Next New Zealand PM slams 'abhorrent' treatment of Ardern
New Zealand's incoming prime minister Chris Hipkins criticised the "abhorrent" treatment endured by Jacinda Ardern and vowed on Sunday to shield his own family, three days after her shock resignation.
Hours after being unanimously endorsed by Labour Party MPs as the party's leader and the nation's next prime minister, Hipkins attacked the personal abuse suffered by Ardern during her more than five years in the top job.
Ardern sparked a national debate about the pressures she faced when she revealed Thursday that she was stepping down just nine months before October 14 general elections, saying she no longer had "enough in the tank".
Politicians and other public figures have lined up to criticise the "vitriol" Ardern was subjected to as prime minister, notably on social media, although she did not mention it herself."
The way Jacinda has been treated, particularly by some segments of our society -- and they are a small minority -- has been utterly abhorrent," Hipkins said.
"It does not represent who we are as a country," said the 44-year-old education and police minister.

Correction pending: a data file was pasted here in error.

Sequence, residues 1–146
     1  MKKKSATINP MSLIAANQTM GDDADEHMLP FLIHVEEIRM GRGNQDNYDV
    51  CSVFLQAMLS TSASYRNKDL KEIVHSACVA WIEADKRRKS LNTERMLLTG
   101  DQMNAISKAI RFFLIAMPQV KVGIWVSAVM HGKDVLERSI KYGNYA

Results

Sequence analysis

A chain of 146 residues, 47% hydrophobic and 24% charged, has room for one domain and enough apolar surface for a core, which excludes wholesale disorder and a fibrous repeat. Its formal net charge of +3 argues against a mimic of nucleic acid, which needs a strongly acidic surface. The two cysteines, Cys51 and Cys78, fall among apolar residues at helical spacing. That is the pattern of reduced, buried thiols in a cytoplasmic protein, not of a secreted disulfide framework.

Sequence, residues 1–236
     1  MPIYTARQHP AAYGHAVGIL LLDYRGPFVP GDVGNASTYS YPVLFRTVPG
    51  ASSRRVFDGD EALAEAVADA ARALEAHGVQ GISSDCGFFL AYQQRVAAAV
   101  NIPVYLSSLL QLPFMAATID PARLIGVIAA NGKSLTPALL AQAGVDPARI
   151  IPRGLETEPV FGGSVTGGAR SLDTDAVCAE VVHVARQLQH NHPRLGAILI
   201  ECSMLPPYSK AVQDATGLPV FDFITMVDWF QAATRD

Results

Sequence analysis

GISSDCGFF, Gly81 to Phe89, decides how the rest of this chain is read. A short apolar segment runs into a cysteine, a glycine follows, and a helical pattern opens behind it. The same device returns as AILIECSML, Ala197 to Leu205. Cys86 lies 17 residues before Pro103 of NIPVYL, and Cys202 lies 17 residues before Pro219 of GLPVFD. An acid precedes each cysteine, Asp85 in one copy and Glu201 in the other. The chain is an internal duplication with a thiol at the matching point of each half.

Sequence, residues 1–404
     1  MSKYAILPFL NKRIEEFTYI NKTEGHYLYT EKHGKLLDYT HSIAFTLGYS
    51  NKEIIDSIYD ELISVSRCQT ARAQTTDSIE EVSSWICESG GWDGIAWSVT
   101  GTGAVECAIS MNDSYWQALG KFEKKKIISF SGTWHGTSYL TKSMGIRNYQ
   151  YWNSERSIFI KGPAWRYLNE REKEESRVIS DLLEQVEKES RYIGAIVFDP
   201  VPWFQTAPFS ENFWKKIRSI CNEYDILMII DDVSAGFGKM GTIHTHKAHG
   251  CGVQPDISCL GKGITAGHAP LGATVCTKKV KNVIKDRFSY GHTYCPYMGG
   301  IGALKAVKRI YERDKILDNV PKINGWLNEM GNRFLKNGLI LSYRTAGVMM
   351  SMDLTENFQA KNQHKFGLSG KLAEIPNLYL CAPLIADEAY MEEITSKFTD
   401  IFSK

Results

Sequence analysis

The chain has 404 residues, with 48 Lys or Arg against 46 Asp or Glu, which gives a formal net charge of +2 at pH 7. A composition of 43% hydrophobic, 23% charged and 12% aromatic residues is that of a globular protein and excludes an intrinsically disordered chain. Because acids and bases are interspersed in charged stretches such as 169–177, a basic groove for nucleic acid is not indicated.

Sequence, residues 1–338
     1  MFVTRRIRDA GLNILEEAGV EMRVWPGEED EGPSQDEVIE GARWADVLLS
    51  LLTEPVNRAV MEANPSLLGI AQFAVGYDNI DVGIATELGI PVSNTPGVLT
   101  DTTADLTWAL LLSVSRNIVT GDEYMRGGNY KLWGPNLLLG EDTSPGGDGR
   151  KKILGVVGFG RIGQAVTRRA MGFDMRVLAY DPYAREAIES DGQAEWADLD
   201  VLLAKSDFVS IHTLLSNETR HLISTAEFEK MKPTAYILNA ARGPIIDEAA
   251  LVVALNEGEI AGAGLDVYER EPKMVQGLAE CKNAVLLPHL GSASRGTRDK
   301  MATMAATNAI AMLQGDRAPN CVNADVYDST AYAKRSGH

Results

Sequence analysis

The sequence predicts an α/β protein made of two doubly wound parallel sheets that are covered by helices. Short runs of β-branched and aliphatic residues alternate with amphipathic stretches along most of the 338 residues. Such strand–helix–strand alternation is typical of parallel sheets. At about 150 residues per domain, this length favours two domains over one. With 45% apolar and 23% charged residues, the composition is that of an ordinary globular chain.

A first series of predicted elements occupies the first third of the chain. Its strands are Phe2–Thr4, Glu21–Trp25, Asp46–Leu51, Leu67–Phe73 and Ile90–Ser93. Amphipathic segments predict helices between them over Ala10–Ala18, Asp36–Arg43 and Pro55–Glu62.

Men have a responsibility to call out such treatment and say "it's not ok", he said.
The future prime minister, best known for leading a national crackdown on Covid-19 for nearly two years, said he understood that putting himself forward as leader meant he was "public property".
"But my family aren't," he told reporters. Hipkins said he wanted his six-year-old son and four-year-old daughter to grow up with a "typical Kiwi kid life", adding that his amicable separation from his wife was his own business.
"I have seen the enormous scrutiny and pressure placed on Jacinda and her family and so my response will be to keep my family...
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